We watched blacktail bucks chasing does through the valley below, mountain goats run across the mountain skyline above and eagles perched everywhere along the trees above the salmon filled river.
We watched bears moving through the valley throughout the day being extremely cautious on when to make our move. This style of hunting will test the patience of any hunter. “Dark to dark” is easy to say but if you actually sit in one spot ‘dark to dark’ for days on end you start to get a little antsy wanting to go after every bear you see. The guides knew exactly what they were doing though and basically everything they said was going to happen, ended up happening. They warned us that one bad stalk through the bottom of the river valley would send your scent miles up and down the river and could blow all of the big bears out of the area for a long time. The big boars we were after were extremely sensitive to any human scent, even several days old. Making a stalk on a bear wasn’t worth the risk unless the scenario was absolutely perfect. Until that perfect opportunity came, we sat on our observation points just watching and waiting.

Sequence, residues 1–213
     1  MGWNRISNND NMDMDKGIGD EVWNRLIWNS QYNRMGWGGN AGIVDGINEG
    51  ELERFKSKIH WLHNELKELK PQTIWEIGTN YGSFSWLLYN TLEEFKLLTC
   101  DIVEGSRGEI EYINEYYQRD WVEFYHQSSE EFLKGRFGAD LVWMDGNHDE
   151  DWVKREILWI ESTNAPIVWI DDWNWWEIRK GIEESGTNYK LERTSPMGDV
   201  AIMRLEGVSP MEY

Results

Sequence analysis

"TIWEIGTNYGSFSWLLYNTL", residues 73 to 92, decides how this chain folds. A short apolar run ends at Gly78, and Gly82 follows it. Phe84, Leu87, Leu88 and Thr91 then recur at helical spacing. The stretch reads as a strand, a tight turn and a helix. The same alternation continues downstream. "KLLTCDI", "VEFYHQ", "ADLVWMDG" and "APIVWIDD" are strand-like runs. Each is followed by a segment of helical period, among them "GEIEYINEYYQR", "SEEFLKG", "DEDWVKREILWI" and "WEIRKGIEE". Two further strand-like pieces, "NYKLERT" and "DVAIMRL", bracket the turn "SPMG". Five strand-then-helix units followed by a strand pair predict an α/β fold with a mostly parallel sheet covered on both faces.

Decisions were made and the stalk was on. We scrambled down the steep hill and towards the bears. We crossed a stream, went around the beaver pond and snuck wide around the other sleeping bear to get to the nicer of the two. As we approached where he was bedded we saw just his head poke up over the tall grass locking onto our position. He stared us down for over two minutes at around 100 yards offering no shot. He lowered his head and we all moved forward trying to get a better visual. I followed behind Seth, Ryan and Justin with the camera when the bear appeared again. This time he was in a big hurry to get out of there and was running the other direction. Seth started shooting and he connected with several good shots on the bear. He was a beautiful boar. He squared right at 9’6’’ which is exactly what the guides guessed before the stalk.
We celebrated, took photos, processed the bear and packed it back to camp. The next day we broke down camp and packed all of our gear down to the river. We inflated our four pack rafts and loaded them full of gear. We spent the next eight hours rafting out on the cold river. The scenery on the float out was incredible and I wish I could have captured it better while I was paddling my raft. We had to portage around a log jam and again for 3/4 of a mile around a huge rock gorge with raging rapids. We paddled the river all the way out to the ocean and then back to the guide’s cabin. A coat of ice covered my raft and all of my gear. We made it back to the warm cabin and wood stove a little after dark.